But getting that lift through the back and wither is not only necessary for good balance and jumps - it's imperative in keeping Prair strong and sound.
|Old photo since I lack any really evidence of recent lessons.|
As such, pretty much every aspect of our ride, from warm up to cool down is focused on encouraging the mare to round up, lift her back and use herself.
The first exercise, which I know we've talked about before starts with our walking on a loose rein just ambling around the ring. I ask for a nice round halt, get Prair soft and very deep in the neck, then rein back as slow and straight as possible asking her to roll her spine up. Then we halt again, (she usually sighs) and we walk on trying to maintain the same shape and softness.
Eventually this routine works up into the trot and when I've got a fairly responsive, light horse in our transitions we begin focusing on other work.
All our lateral work is done with the emphasis on stretching her over her back and really reaching with whatever hind leg is doing the most work. Often I'll drop Prair's headset lower than normal in order to emphasize the stretch and to make sure that she's not binding up in her jaw or neck.
We spend a good amount of time alternating every 5-7 strides of asking Prair to move out in more of a medium trot, and then "pushing together" into a short, collected trot. Inevitably at this point the first few transitions are a bit heavy and on the forehand, but as we go she sits back more, lifts through her wither and becomes more adjustable.
The same exercise is repeated at the canter, along with some very slight lateral work, and then (if all is well) we start working over fences. In our last couple lessons we have been trying to maintain balance and relaxation at all costs. So, if while on course I need a circle to get everything 100% where I want it, we circle. If I need to trot and re-establish our rhythm, we trot. Whatever we need to keep each jump slow, steady and round.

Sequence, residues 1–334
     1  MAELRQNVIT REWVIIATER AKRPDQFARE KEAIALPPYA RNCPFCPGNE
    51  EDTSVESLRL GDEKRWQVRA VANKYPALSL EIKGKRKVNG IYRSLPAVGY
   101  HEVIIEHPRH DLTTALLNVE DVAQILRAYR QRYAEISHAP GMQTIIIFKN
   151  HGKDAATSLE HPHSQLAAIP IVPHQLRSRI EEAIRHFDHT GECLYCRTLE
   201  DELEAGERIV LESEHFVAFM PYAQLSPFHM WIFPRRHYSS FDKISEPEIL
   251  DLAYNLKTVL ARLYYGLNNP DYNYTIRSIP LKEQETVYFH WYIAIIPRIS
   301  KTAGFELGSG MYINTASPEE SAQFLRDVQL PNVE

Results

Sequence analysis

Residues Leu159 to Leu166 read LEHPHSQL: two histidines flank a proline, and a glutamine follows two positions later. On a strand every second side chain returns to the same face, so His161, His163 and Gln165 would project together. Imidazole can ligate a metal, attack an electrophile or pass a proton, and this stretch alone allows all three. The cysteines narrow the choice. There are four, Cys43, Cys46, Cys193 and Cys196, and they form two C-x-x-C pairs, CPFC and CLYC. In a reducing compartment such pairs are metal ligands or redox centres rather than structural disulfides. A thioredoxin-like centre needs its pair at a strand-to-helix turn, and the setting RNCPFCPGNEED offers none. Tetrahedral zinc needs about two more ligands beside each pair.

Yesterday we spent almost all of our time trotting the fences to keep Prair from using her momentum instead of her back. It was really good for me as well as I had a better chance to keep her straight and balanced and light to the fences. I was shocked by not only how much I was getting snapped out of the tack, but also by how quickly Prair was willing to roll up her back, balance and come back after each fence.
It felt awesome
Of particular note was in a 4 stride line that we trotted into (planning on getting a quiet 5), I really misjudged our stride length and while I thought we had room to cram a fifth stride in, Prair did not and we launched. I slipped my reins and let her go which resulted in a terrified, inverted, llama when we landed on the far side.
I braced for impact and got ready to pulley rein her around, but turns out, as I added my leg, Prair pushed together, softened like butter and dropped right back to her round, happy canter. (whaaaaaaa?)
Usually it's not the ugliest fence of the day that you're most proud of, but seeing that response from her was a little magical and really inspiring.
N keeps saying that she never really understood how hard Prair tried to please and how well she responds to praise and reward - but it's becoming really clear that the more we emphasize the rewards, the quicker Prairie is giving us what we want.
The mare is really working hard for both of us in our rides and that just makes everything so damn fun.
Which I suppose is what this silly hobby is supposed to be.
Oh, also - Prair got her feet done for the first time by the new farrier, and aside from freaking out and breaking her halter (ugh), I am extremely happy with his work. He set her heels nice and wide and each foot looks well balanced.